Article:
Saudi Arabia may go bankrupt within the next five years if the government maintains its current spending habits, the International Monetary Fund said in a report Wednesday.
Saudi authorities are already planning spending cuts as the world’s biggest oil exporter seeks to cut its budget deficit created by the drop in crude prices.
Saudi officials have repeatedly said that the kingdom’s economy is strong enough to weather the plunge in crude prices as it did in similar crises, when its finances were under more strain.
But the IMF said measures being considered by oil exporters “are likely to be inadequate to achieve the needed medium-term fiscal consolidation. Under current policies, countries would run out of buffers in less than five years because of large fiscal deficits.”
The fall of the price of oil, which accounts for about 80% of Saudi Arabia’s economy, has been absorbed by the hundreds of billions of dollars the kingdom has accumulated in the past decade.
Saudi’s debt as a percentage of gross domestic product fell to less than 2% in 2014, the lowest in the world, Bloomberg reported. In August, net foreign assets fell to the lowest level in more than two years.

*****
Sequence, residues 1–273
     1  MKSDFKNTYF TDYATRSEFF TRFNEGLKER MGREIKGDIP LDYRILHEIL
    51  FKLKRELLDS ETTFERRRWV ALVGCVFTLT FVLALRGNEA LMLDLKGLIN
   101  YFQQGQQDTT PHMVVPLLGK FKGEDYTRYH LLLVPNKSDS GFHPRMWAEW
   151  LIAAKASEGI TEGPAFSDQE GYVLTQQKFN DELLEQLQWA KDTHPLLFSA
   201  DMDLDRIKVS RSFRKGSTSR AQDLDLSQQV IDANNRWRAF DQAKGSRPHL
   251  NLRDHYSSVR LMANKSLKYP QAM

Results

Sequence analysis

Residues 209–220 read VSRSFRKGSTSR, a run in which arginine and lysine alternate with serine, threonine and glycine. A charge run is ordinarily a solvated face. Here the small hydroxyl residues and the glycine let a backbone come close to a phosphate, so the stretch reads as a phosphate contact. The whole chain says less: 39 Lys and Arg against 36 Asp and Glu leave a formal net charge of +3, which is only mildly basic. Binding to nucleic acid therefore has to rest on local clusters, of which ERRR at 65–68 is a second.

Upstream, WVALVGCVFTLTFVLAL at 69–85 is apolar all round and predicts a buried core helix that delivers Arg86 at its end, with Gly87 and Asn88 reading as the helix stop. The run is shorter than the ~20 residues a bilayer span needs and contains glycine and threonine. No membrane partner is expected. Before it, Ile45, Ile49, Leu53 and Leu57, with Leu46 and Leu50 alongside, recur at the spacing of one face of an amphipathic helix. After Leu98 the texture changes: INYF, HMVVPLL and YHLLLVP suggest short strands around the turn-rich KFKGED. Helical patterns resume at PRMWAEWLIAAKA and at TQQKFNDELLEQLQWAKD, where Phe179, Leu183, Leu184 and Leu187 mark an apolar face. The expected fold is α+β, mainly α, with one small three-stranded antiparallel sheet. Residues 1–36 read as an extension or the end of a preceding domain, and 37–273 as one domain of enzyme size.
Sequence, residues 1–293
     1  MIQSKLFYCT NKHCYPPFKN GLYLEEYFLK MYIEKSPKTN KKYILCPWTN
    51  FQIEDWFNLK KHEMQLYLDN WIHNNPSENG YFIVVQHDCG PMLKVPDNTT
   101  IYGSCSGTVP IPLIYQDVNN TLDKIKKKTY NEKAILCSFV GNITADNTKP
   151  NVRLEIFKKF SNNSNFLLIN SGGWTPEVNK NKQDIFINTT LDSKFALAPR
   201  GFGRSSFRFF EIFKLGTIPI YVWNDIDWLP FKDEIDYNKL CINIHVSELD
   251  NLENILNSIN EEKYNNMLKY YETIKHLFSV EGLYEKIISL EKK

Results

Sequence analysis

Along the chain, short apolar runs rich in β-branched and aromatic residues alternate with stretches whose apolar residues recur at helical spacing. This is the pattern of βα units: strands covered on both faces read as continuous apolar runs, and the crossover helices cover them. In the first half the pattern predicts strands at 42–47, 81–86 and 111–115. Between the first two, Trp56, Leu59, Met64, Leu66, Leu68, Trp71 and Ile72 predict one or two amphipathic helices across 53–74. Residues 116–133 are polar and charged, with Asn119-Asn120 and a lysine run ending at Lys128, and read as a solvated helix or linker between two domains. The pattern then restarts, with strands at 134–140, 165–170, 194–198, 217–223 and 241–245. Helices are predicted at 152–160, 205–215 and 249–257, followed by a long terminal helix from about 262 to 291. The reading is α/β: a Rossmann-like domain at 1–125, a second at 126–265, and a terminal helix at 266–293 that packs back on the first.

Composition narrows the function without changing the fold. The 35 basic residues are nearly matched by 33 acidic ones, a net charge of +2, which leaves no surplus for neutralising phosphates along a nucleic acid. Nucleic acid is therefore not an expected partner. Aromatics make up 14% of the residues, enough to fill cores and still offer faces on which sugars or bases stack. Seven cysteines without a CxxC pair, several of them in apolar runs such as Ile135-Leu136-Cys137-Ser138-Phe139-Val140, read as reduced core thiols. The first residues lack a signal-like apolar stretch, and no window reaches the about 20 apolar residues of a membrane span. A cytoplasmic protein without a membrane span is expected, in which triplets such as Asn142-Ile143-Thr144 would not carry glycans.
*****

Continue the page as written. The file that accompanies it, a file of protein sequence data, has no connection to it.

The drop in oil prices has prompted the government to sell bonds for the first time since 2007, with the kingdom’s finances further strained by its war in Yemen.
The IMF expects Saudi’s budget deficit to rise to more than 20% of GDP this year after King Salman announced one-time bonuses for public-sector workers following his accession to the throne in January.
A number of such one-off spending proposals this year have added to the spending needs, Masood Ahmed, director of the Middle East and Central Asia department at the IMF, told Bloomberg in an interview in Dubai.
“The budget deficit in Saudi Arabia does go down substantially as a share of GDP over the next five years but it still remains high over this period, all the more reason to identify ways in which it can be brought down further to more a manageable level,” he said.
David Butter, associate fellow at Chatham House in London, told Bloomberg that a crisis is not imminent, but if the government fails to develop sustainable non-oil revenue over the next five to 10 years, “then of course, they’re in big trouble,” he said.
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